helping to focus


What We Do

At O'Boise S&S, we offer a variety of custom consulting solutions, from Business Analysis and Project Management to Cost Management, offering custom developed and integrated solutions for PC, Web and Mobile.

Currently, check out our annual fudraiser, the Guest Bartender for Multiple Sclerosis, now in it's 16th year with over 35 thousand dollars raised in an hour and a half a year.

See our fundraiser for MS! »

Contact Us

O'Boise Systems and Services, llc
Fort Collins, CO 80524
P:970.231.6416
E: info at oBoise.com

MS, a perspective

MS: It Isn't Just a Software Company
The residents of Silicon Valley are more confused than usual after a billboard campaign by the National Multiple Sclerosis Society of America used this line in an ad slogan:"MS: It's not a software company." , exploiting the fame of a certain company to draw attention to an altogether worthier cause. Requests to comment on the campaign have been met by a surly silence by Microsoft which does not relish the association of ideas, but is painfully aware that it can' t afford to appear insensitive over such an issue.
Seasoned IT professionals, however, will have no trouble telling the two MS's apart: One is a debilitating and surprisingly widespread affliction that renders the sufferer barely able to perform the simplest task. The other is a disease.

In reality, however, Multiple Sclerosis is not a joke. This may strike many who know me as ironic, considering how many jokes I crack about my "MS Moments,"  but MS is a serious problem. Currently, Colorado has one of the highest incidences in the world, so if you're here, you've probably know someone who has MS. Actually, nationwide at the time I'm writing this a third of a million people in the US have MS, with about 200 people a week diagnosed. The really scary part is that many doctors believe there are many millions more that have MS, and just haven't been diagnosed, thinking their symptoms are just nerves, overwork, or stress.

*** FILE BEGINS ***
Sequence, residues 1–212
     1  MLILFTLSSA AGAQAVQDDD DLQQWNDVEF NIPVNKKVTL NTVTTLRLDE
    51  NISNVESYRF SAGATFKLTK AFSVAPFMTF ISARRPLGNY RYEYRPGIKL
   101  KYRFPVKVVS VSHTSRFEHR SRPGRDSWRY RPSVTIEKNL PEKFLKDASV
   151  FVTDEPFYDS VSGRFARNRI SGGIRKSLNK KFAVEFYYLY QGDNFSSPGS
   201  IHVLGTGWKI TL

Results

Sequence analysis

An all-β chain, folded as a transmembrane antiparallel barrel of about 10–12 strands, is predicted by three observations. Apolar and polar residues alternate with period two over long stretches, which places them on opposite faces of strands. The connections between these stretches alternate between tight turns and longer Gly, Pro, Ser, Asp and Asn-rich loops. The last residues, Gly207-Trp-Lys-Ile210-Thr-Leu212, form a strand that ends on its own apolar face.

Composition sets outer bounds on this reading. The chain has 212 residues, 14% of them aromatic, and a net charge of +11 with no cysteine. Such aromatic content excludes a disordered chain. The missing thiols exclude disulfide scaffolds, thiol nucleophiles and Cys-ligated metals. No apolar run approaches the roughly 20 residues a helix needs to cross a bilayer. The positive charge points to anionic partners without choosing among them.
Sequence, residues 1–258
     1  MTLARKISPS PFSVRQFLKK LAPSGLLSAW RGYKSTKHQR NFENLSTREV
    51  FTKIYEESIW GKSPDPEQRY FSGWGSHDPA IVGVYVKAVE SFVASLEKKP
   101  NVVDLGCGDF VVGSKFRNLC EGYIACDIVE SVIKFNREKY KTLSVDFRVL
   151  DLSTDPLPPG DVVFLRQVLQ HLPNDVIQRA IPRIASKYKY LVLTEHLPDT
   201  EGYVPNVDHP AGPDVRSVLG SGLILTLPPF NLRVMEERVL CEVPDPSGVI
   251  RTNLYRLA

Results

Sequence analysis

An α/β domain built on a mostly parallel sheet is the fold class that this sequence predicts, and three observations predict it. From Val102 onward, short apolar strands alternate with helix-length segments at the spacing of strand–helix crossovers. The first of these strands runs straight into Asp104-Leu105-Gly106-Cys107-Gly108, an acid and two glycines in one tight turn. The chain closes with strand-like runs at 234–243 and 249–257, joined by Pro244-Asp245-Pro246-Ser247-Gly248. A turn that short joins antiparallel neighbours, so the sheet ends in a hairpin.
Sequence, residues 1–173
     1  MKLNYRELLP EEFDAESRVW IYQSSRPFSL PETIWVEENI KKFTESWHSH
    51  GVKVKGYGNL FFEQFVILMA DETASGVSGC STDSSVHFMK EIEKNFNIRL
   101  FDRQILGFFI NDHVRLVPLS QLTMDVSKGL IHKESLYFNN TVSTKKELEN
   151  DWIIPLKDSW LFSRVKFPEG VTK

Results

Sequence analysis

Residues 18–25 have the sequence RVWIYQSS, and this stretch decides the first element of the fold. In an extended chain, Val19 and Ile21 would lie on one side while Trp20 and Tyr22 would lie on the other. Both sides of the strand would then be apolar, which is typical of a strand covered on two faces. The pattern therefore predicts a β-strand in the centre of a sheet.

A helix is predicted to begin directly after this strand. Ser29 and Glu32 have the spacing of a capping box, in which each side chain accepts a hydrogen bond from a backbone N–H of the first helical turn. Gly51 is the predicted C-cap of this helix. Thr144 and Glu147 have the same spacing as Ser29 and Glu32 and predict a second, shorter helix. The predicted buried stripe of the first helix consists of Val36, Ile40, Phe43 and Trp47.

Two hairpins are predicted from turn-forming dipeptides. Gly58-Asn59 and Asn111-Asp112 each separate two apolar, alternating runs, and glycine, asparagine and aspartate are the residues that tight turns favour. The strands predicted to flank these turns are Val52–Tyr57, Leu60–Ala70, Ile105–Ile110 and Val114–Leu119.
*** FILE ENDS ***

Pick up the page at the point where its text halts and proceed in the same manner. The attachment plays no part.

Personally, it started with numbness in the hands for me after getting back from a long road trip. The doctors I went to thought it was from a pair of Brown Recluse bites that I'd received at the old house. Luckily for me, I switched to a family practioner, whose mother, I learned later on, had MS. My new doctor caught my symptoms early on, got me MRI'd and Spinal Tapped, and found out that mine went to eleven. C'est la merde. Now I've gone from the drop-foot shuffle and a cane to a wheelchair, which was and is aharsh djustment. But all in all, life could be much worse. As I keep telling people, if you can't find something funny in life, you're not looking hard enough. The hardest part for me was having to stop doing house calls for my business, and switching over to "Drag-and-Drop" computer repair, but life is all about change and adaptation.

If you don't know about MS, I really recommend either Health Talk's summary, or the FAQ the National MS Society has put up, as they can describe from a non-personal point of view. Almost every town I've been to also has a local chapter of the MS Society helping people out. Obviously, I know the one here in Fort Collins fairly well, but every region has one, working on helping people out either financially or emotionally, and have typically been a really great resource.

Also, for really well funded information, check out the various MS celeb sites. Montel Williams has a good one at www.MontelMS.org, with some good resources for what MS is, and what can be done. I don't personally agree with a lot he says, but he's trying to get some good work done.

As for anyone who's recently been diagnosed, or whose dealing with someone whose been diagnosed, I can't recommend the following book by David Landers enough for a lighter side of dealing with MS. The book is titled "Fall Down Laughing; How Squiggy got MS and didn't tell nobody." If anyone remembers Laverne and Shirley, David Landers played Squiggy, the greasy looking one. He got diagnosed with MS at a time when people were fairly unsure what MS could do to your life, or in his case his career. His solution initially was to convince everyone he was an alcoholic, as the symptoms were similar but you could still get work. To be honest, sometimes it's easier, especially considering how many times I've heard people behind my back talking about "that shameful drunk" when I was sober and mostly bipedal. Again, c'est la merde.


What's Going On?

Come on down, and raise a glass with friends for a good cause. It's time for our Sixteenth Annual Guest Bartender for Multiple Sclerosis at Lucky Joes in Old Town Square, Fort Collins.

Like more info? Check out our new site at MSGuest.com!!

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